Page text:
FPGA Intellectual Property
PCI Express*, Networking and Connectivity, Memory Interfaces, DSP IP, and Video IP
All support for Intel NUC 7 - 13 systems has transitioned to ASUS. Read latest update.
6321 Discussions

DDR3 UniPHY 10.1 Core Burst of 8 vs. 4 Behavior?

Honored Contributor II

I am using the DDR3 UniPHY SDRAM Controller from Quartus 10.1 with Half-Rate PHY. I want to utilize the full bandwidth of the DDR Memory interface as much as possible thereby trying to perform Burst of 8 accesses on the I/O as much as possible. I will mostly be accessing addresses in long burst of sequentially increasing addresses. I am having trouble understanding the behavior I am seeing in my simulation between the local interface and the Memory I/O interface. I am performing a series of bursts with my local burst length always set to 2. Sometimes in my simulation I see series of multiple bursts occur with burst of 8 accesses on the I/O as I would expect. Sometimes I see a series of bursts performed using a Burst Chop of 4 instead. It looks like the series of Burst Chop of 4 is occurring when the first access is only a partial write. It makes sense to me that the partial write/read is a burst chop of 4, but all the subsequent accesses in that group of sequentially increasing addresses are also Burst Chop of 4. I would have expected all of these to change back to Bursts of 8 accesses. 


Could someone, maybe from Altera, help me understand the behavior of this core better and why I might be seeing the above behavior? i.e. What causes the core to decide to use Burst Chop of 4 vs. Burst of 8? 


Also, since I have local_burst_size always equal to 2, should I set the Max Avalon-MM Burst Length to 2. What is different in the core if I have this number set to 16 instead of 2? 


Could the command queue look-ahead depth have an effect on what I am seeing? How would increasing this value have an effect on the behavior of the core? Would it change how many accesses occur before local_ready goes low? 


Thanks for Any help you can provide!
0 Kudos
1 Reply
Honored Contributor II

You may be seeing the effects of burst wrapping. SDRAM have a concept of bursts that cross a burst boundary wrapping back to earlier addresses rather than progressing linearly. Lets say your memory local interface has a max burst count of 2 and is x32 wide. That means the burst boundary is multiples of 8 bytes. So if you start your burst at 0x0, 0x8, 0x10, etc... then you shouldn't see this chopping. If you start at address 0x4, 0xC, etc... then unless your master supports burst wrapping (I don't know of many that do) then the burst needs to get chopped up into bursts of 1 to avoid crossing the boundary.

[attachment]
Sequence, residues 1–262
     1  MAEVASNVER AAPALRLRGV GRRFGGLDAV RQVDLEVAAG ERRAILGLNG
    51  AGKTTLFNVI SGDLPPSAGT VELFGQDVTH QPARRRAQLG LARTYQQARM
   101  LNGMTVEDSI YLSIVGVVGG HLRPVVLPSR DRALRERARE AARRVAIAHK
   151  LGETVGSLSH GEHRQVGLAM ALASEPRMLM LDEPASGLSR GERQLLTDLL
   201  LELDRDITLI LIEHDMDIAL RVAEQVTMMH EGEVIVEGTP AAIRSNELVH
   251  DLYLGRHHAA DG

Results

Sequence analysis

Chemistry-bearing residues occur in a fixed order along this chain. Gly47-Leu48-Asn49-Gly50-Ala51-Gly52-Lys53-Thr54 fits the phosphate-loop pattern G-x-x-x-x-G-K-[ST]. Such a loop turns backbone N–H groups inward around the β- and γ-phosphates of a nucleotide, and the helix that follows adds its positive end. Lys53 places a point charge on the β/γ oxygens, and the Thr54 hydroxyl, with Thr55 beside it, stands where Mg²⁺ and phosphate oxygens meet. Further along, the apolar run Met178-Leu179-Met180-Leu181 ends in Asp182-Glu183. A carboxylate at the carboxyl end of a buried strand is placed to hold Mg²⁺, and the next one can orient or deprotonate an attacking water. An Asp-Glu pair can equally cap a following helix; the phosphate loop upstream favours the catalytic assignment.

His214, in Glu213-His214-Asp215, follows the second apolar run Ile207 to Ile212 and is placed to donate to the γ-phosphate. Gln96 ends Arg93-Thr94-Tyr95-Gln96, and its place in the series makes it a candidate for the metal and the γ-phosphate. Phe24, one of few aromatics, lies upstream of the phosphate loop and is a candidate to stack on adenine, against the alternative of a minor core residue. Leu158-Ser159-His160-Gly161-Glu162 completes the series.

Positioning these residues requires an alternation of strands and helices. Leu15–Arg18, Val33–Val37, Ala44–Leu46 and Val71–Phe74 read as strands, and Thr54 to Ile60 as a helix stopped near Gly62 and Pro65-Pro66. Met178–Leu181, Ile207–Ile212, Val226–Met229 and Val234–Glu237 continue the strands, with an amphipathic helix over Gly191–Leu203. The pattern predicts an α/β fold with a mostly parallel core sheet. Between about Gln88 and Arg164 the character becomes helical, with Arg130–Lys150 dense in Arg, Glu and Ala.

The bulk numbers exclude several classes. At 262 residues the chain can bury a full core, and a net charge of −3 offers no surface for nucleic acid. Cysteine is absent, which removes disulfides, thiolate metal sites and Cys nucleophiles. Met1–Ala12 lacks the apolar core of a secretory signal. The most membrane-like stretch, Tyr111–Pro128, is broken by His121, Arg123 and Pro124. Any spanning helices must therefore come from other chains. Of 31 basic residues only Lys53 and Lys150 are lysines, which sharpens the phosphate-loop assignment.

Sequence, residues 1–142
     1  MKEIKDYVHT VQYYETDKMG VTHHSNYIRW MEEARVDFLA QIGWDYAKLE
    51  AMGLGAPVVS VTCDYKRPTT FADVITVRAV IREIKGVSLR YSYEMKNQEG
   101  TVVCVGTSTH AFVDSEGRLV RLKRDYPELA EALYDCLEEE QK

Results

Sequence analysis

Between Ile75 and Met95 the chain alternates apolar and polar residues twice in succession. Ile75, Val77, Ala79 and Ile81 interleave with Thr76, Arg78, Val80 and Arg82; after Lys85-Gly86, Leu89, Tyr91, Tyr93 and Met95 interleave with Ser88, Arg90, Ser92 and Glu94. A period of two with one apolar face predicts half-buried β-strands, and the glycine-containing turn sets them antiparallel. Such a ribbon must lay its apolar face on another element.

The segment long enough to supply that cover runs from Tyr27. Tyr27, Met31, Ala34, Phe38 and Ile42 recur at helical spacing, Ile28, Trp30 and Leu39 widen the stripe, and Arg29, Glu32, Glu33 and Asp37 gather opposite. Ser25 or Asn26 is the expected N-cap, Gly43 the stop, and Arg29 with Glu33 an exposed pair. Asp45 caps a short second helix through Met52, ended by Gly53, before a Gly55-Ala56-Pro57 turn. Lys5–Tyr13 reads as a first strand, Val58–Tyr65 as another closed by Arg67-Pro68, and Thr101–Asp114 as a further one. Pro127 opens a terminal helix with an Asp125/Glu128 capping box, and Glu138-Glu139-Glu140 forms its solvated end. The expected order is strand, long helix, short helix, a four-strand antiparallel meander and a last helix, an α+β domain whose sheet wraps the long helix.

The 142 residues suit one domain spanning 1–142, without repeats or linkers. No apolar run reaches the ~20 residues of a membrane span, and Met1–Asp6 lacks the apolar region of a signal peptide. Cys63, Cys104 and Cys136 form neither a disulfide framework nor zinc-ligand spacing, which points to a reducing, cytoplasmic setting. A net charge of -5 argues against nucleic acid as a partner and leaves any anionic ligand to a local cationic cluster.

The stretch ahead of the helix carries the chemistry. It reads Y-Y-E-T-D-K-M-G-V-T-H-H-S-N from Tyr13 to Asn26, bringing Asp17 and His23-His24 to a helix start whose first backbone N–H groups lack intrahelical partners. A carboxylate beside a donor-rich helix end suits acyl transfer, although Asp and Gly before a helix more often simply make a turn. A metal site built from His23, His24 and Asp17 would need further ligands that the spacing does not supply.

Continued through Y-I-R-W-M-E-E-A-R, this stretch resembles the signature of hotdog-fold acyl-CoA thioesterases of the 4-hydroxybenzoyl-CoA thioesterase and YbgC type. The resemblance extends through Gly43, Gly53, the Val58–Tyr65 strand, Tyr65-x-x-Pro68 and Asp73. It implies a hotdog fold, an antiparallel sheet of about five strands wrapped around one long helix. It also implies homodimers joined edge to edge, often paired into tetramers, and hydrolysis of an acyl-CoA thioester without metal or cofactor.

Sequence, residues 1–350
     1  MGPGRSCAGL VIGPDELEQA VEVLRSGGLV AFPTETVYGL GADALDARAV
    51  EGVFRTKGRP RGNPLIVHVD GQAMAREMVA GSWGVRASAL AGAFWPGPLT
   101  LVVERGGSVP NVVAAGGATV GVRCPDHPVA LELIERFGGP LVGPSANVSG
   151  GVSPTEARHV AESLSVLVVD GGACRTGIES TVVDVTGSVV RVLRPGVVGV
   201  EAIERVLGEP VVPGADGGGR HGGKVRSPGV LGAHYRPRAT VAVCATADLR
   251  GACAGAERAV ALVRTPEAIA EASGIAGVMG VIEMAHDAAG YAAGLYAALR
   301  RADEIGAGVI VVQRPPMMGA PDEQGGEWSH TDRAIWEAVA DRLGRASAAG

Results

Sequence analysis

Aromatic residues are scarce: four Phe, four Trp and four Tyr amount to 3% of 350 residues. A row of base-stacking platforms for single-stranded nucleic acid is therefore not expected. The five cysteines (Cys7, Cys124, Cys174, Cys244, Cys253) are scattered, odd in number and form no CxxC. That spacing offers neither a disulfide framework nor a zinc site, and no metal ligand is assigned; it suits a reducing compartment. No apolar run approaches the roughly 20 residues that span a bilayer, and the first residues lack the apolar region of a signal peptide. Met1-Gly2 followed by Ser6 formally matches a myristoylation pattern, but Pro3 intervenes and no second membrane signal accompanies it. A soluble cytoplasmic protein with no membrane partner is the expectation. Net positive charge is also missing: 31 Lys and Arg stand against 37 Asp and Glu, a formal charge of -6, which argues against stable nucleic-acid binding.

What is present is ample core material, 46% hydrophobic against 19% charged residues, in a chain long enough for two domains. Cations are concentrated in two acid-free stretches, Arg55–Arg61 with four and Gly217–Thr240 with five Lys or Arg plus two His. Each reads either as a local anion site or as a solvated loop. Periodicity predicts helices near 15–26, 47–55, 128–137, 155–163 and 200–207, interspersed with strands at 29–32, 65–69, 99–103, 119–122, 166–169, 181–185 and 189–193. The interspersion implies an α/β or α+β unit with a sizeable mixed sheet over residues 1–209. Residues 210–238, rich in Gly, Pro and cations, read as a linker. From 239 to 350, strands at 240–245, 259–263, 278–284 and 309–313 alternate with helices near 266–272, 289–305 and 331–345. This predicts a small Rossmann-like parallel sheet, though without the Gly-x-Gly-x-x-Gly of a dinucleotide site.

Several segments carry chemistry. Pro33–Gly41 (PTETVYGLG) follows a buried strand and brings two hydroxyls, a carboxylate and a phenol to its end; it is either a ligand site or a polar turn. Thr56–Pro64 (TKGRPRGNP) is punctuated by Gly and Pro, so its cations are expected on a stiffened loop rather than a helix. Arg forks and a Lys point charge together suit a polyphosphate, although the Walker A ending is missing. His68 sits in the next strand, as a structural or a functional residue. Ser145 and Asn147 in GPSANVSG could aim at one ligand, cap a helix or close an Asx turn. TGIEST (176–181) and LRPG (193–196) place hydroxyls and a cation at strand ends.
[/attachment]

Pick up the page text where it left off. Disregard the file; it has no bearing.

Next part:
So using the example above if my master wrote 0xAAAAAAAA followed by 0xBBBBBBBB to address 0x4 using a burst of 2 I would expect the following data cells to be stored: 


wrapping master: address 0x4 contains 0xAAAAAAAA, address 0x0 contains 0xBBBBBBBB 

nonwrapping master: address 0x4 contains 0xAAAAAAAA, address 0x8 contains 0xBBBBBBBB 


So when you have a mismatch in wrapping capabilities the system needs to assume the burst behavior of the master. In the non-burst wrapping to burst wrapping case this means that any time a burst crosses a burst boundary then it needs to be divided into smaller bursts. 


So to avoid it you may be able to make sure all accesses are aligned to a burst boundary or a multiple of it. In the modular SGDMA design example what I do is turn on an option that makes sure the master gets back into burst alignment and turn on a property that tells SOPC Builder/Qsys that all bursts that follow will be aligned on the burst boundary. The easiest way to do this is to do a bunch of bursts of 1 to get back into alignment and then burst the maximum amount multiple times back to back. 


Let me know if that makes sense, this confused me a while back when the memory controller would do this but not tell the tools it was doing it which lead to a functional failure.
0 Kudos